An exciting and often overlooked way to expose your children to first-rate reading is by introducing them to children’s books written by famous authors of adult works. What follows is a list of books that you and your child will want to add to your shelf of favorites. All age ranges are approximate.
The Animal Family, by Randall Jarrell, HarperCollins, 1997; ages 8 and up. This is a moving fantasy of how a solitary man finds a family – consisting of a mermaid, a bear, a lynx and a little boy. The language is poetic and the characters are kind and understanding toward each other, despite their differences.
Black Misery, by Langston Hughes, Oxford University Press, 2000; all ages. In simple, but stark, hard-hitting language, Hughes writes about prejudice from a child’s viewpoint.
The Boy Who Didn’t Believe in Spring, by Lucille Clifton, Dutton, 1992; ages 3 to 9. Two skeptical city boys set out to find spring, which they’ve heard is “just around the corner.”
The Boy Who Ran to the Woods, by Jim Harrison, Atlantic Monthly Press, 2000; ages 8 and up. This is an autobiographical tale about a boy who loses his sight in one eye. The trauma leaves him angry and unruly until his father introduces him to the woods.
Catwings and Catwings Return, by Ursula K. Le Guin, Orchard, 1990 and 1999, respectively; ages 5 to 10. Four winged kittens fly away from the dangers of the city only to find adventures they hadn’t expected. The feline characters are provided with realistic histories and humanlike emotions.
A Child’s Christmas in Wales, by Dylan Thomas, David R. Godine, 1984; all ages. First published in 1954, this is probably Thomas’ most famous childhood reminiscence. The language is musical and should be read aloud for optimum pleasure.
The Chinese Siamese Cat, by Amy Tan, Macmillan, 1994; ages 4 and up. This is a colorful picture book that tells an amusing fable about the ancestry of some kittens. Also noteworthy by Amy Tan is The Moon Lady, Aladdin, 1995; ages 5 to 9. This picture book is about a long-ago autumn moon festival in China, as seen through the eyes of a 7-year-old.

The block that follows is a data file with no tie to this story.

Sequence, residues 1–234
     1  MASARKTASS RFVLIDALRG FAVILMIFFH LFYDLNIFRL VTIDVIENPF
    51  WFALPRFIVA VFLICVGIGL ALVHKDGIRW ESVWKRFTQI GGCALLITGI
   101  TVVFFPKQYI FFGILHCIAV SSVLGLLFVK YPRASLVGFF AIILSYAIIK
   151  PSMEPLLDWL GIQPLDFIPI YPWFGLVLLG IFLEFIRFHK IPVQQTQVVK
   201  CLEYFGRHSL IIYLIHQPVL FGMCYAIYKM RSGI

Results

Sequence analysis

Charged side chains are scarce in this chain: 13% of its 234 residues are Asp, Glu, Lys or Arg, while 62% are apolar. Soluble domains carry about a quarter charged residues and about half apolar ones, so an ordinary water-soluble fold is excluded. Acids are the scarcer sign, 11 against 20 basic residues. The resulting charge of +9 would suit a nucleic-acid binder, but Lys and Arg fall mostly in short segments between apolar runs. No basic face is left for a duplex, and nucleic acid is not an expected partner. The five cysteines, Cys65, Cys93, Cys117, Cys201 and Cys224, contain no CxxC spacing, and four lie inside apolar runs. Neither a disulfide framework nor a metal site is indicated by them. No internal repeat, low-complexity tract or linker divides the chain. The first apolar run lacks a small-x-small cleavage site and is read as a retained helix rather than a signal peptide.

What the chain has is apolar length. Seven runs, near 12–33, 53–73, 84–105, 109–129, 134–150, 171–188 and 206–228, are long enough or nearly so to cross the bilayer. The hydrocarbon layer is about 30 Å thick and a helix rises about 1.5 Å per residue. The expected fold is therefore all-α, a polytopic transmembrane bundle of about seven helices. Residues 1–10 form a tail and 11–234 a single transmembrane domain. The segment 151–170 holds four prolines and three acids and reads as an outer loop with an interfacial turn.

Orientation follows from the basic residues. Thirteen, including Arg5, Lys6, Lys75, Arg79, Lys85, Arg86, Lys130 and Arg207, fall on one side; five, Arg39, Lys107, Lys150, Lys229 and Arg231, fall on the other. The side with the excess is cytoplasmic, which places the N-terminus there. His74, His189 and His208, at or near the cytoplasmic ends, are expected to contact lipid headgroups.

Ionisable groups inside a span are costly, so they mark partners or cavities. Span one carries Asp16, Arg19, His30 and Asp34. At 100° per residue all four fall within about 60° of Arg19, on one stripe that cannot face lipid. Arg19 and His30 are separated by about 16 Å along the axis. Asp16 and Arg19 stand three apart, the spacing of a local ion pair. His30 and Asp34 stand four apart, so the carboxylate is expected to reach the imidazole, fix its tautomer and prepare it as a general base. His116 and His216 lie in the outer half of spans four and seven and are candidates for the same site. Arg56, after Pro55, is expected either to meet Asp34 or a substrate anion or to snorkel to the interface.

The Daydreamer, by Ian McEwan, Bantam, 2000; ages 8 and up. A 10-year-old boy daydreams about fantastic events in this wryly amusing tale about the imagination and growing up.
Fairy Tales, by e. e. cummings, Harcourt, 1987; ages 4 to 8. These four amusing and imaginative tales, written by the poet for his own small daughter, have titles like “The House That Ate Mosquito Pie” and “The Little Girl Named I.”
The Magic Fish-Bone, by Charles Dickens, Harcourt, 2000; ages 6 and up. The oldest girl of 19 children is given magical powers and has to figure out how and when to use them.
The Man Who Lived Alone, by Donald Hall, David R. Godine, 1998; ages 5 to 9. Hall tells in simple words the life story of a self-sufficient man who chooses to live alone. Also check out Hall’s Lucy’s Christmas and Lucy’s Summer, Browndeer Press, 1994 and 1995, respectively; ages 5 to 8. These picture books evoke the life of fictional Lucy Wells and her family in 1910 rural New Hampshire.
Morning Girl, by Michael Dorris, Disney Press, 2000; ages 8 to 12. Morning Girl, who loves the day, and her younger brother, Star Boy, who loves the night, take turns describing their life on an island in pre-Columbian America. In Morning Girl’s last narrative, she witnesses the arrival of the first Europeans to her world.
Opposites, More Opposites, and a Few Differences, by Richard Wilbur, Harcourt, 2000; all ages. This is a collection of Wilbur’s amusing poems, one of which asks, for example, if there’s an opposite of “sheep” or of “SOS.” Enjoy more of the author’s funny poems for all ages in The Pig in the Spigot, Harcourt, 2000.
Switch On the Night, by Ray Bradbury, Knopf, 2000; ages 4 to 8. This fable presents a boy who conquers his fear of the dark by imagining the flipping of a light switch as a way to light up the night.